There’s little to choose between the two handsets when buying on contract or SIM-free - the 8S’s $ 274.4  price is only five pounds cheaper than the Nokia

There’s little to choose between the two handsets when buying on contract or SIM-free - the 8S’s $ 275  price is only five pounds cheaper than the Nokia

It lags behind on the software front too: while the 8S can use Nokia's HERE-branded maps, satnav and public transport apps, Nokia's Music and City Lens tools remain exclusive to Lumia handsets. At least the included software is good: maps can be downloaded for offline use, and the satnav software is among the best that's available for free on phones.

There’s little to choose between the two handsets when buying on contract or SIM-free - the 8S’s $275 price is only five pounds cheaper than the Nokia. Both are good phones, but the Nokia has more storage, a better screen and a more attractive, versatile design - so the Lumia 620 is our budget handset of choice in this test.

Details

·         SIM-free supplier: www.amazon.com

·         Manufacturer site: www.htc.com

HTC Windows Phone 8X

You wouldn't know it to look at the adverts, but Microsoft chose HTC's Windows Phone 8X to be its lead device when the OS was released at the back end of 2012. That means this phone is supposed to embody everything that's impressive about Microsoft's new mobile OS - and that means it's got a hefty weight of expectation on its polycarbonate shoulders.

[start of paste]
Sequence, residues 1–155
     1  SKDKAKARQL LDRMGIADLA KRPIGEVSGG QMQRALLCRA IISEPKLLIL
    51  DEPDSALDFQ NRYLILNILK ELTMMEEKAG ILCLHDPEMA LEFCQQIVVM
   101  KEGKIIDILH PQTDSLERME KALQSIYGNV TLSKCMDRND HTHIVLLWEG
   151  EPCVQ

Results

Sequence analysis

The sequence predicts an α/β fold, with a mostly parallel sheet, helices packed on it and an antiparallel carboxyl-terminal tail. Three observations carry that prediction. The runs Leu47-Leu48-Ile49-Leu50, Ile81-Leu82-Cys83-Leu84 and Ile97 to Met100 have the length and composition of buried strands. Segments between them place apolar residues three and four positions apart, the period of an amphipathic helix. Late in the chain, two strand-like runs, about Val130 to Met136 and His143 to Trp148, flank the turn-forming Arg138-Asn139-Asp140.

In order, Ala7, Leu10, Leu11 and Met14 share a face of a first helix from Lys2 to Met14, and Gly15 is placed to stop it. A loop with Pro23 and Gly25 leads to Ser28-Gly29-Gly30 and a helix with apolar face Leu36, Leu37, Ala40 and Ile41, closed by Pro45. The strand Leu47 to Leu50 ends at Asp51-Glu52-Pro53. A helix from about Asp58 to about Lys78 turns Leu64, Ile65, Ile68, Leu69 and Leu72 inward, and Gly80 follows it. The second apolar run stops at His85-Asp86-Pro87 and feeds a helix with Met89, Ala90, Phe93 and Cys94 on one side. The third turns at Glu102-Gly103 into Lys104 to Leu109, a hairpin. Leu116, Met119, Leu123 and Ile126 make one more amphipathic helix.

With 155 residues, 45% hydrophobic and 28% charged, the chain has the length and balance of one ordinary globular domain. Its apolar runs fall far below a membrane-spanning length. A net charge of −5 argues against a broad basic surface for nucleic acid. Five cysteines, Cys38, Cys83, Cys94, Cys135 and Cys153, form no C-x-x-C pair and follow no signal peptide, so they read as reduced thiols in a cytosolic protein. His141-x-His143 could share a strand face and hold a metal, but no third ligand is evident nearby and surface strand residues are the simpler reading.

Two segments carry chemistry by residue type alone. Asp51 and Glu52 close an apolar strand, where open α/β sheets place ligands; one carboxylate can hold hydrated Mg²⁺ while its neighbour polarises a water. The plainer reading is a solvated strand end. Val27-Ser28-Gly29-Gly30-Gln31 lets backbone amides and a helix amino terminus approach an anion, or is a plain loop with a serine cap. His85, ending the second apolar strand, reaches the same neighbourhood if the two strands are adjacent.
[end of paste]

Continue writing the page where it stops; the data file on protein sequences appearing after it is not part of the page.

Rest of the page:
HTC Windows Phone 8X

Thankfully, that polycarbonate construction means this handset is good-looking and rock-solid. Its soft-touch blue finish is comfortable, and we like the design: the gently convexed rear panel curves around the edges to provide a border for the 4.3" screen, and its power, volume and camera buttons are all the same blue color.

The 130g HTC is lighter than most of Nokia's handsets, and it's 10.1mm thick slimmer than every phone here bar the Lumia 820, and enough to ensure that the 8X feels extremely comfortable to hold and use. The polycarbonate shell does have a downside, though, and that's a lack of internal access - unlike the Lumia, you can't access the battery and there's no micro-SD card slot.